Add a lint for calling methods which have namesakes along `Deref` chains when using the `.` operator


Currently, Rust’s . operator auto-derefs its left hand side to search for methods. However, this may lead to problems. Consider the following snippet:

Snippet 1:

use std::rc::Rc;

#[derive(Show, Clone)]
struct Answer(i32);

impl Answer {
    fn answer(&self) {
        println!("The answer of life, universe and everything is {}!", self.0);

fn main() {
   let rc_answer = Rc::new(Answer(42));
   // Calls Answer::answer.
   // Call <Rc<Answer> as Clone>::clone, but <Answer as Clone>::clone is a thing too!
   let cloned_something = rc_answer.clone();
   // Call with UFCS on an Answer with implicit dispatching.
   let cloned_answer = Clone::clone(&*rc_answer);
   // Call with UFCS on an Rc with explicit dispatching.
   let cloned_rc = <Rc<Answer> as Clone>::clone(&rc_answer);
   println!("cloned_something: {:?}.\ncloned_answer: {:?}.\ncloned_rc: {:?}.",
       cloned_something, cloned_answer, cloned_rc);

Which prints:

The answer of life, universe and everything is 42!
cloned_something: Rc(Answer(42i32)).
cloned_answer: Answer(42i32).
cloned_rc: Rc(Answer(42i32)).

Both Answer and Rc<Answer> has a clone method,and when Rust searchs for a clone to call for rc_answer.clone(), it chooses the one on Rc. However:

  1. rc_answer.answer() calls a method on a value of type Answer, so it is natural for one to assume rc_answer.clone() would call clone on that Answer too. But the actual behaviour is surprising.

  2. Rust prefers to be fairly explicit when it comes to solving ambiguities with method dispatching, It refuses to make a guess in the following snippet:

Snippet 2:

trait Foo { fn names_the_same(&self); }
trait Bar { fn names_the_same(&self); }

struct FooBar(i32);
impl Foo for FooBar { fn names_the_same(&self) {} }
impl Bar for FooBar { fn names_the_same(&self) {} }

fn main () {

The compiler complains:

error: multiple applicable methods in scope [E0034]

So it seems that happily accepting rc_answer.clone() in Snippet 1 is not consistent with the behaviour in Snippet 2.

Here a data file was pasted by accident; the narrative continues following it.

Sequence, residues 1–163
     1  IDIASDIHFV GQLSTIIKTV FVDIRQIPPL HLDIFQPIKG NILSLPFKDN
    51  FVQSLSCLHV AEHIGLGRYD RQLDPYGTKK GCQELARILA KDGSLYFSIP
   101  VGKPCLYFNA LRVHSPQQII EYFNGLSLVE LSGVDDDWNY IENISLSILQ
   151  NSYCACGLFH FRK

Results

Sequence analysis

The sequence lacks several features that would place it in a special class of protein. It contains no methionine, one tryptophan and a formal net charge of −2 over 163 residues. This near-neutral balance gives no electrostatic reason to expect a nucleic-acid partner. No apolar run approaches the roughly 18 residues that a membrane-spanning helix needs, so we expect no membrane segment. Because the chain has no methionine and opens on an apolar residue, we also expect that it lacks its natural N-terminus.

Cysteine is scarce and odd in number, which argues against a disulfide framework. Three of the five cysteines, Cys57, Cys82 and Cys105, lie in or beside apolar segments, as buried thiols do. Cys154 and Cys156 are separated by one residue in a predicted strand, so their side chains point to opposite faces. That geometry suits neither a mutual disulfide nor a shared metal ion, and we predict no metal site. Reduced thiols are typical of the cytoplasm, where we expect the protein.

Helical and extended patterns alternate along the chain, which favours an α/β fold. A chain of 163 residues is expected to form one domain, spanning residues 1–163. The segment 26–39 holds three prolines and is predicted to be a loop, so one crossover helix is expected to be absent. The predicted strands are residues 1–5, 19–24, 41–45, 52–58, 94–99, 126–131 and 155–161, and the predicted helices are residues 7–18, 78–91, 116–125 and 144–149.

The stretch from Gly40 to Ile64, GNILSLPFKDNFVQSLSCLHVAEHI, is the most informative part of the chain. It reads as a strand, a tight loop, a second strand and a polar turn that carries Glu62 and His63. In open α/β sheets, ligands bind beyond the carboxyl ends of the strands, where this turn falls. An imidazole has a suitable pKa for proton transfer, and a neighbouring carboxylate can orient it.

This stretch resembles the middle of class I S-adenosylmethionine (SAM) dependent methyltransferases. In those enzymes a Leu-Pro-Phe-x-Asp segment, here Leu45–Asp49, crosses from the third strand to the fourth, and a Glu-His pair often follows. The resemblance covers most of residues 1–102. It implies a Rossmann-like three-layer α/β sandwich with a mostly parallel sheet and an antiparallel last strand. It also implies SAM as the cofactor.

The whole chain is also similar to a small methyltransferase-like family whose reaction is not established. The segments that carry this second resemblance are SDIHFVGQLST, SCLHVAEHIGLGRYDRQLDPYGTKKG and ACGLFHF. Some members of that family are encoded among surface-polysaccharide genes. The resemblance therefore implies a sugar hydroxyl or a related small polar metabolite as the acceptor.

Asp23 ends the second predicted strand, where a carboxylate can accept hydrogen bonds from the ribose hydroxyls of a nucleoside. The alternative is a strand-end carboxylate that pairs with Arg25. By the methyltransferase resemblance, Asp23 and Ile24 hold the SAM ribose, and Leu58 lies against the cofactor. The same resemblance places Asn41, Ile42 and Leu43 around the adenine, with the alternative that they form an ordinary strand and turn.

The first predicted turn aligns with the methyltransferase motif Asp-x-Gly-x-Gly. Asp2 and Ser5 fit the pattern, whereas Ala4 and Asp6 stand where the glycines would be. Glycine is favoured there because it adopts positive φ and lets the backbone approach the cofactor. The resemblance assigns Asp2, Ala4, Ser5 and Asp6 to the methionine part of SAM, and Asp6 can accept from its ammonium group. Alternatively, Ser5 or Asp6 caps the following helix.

The solution: Forbid . and mandate UFCS in such cases.

Pros: Consistency and less surprises. Cons: Breaking change and a bit more typing.

EDIT: As discussed below, forbidding . here can be too heavy handed. So instead, adding a lint is a good alternative solution.

So what do you think? :slight_smile:


I completely understand you concern but at last to me the current behavior feels quite natural, this might be because I used a lot of prototyping based programming recently, where it is normal to first look at the called objects scope for a fitting method and then iterate down the prototyping chain (in this case the Deref chain).

The current behavior is also similar to a OOP inheritance chains and let’s you create OOP like structures with overriteing/shadowing e.g. this gist.

Still even through I prefer it this way it can be confusing, maybe some kind of feature gate would make sense?


Alternatively: Turn this into a lint.


@naicode, comparing this with a prototype-chain (or a child-parent class chain in class based OOP languages) is a great way to explain this behaviour.

I think in practice, the problem with the current behaviour is that Deref is often implemented on “wrappers” or “pointers”, which are mostly “transparent” when using the . operator, so people are more likely to forget that they are still not the wrapped values themselves. In the unusual occasions that this distinction matters, mistakes are likely to happen.

But yeah, that may not matter much if we know there is a chain involved. And a chain is obviously directed, which is unlike the satuation in Snippet 2, where Foo and Bar are not related, so implicitly choosing the names_the_same method of either would be questionable.

Also, I think feature gates are not for satuations like this one. :wink:


@kennytm, yes, a lint is a good alternative. All we need is reminding people that there is a chain in case they forget, and forbidding . here can be too heavy-handed.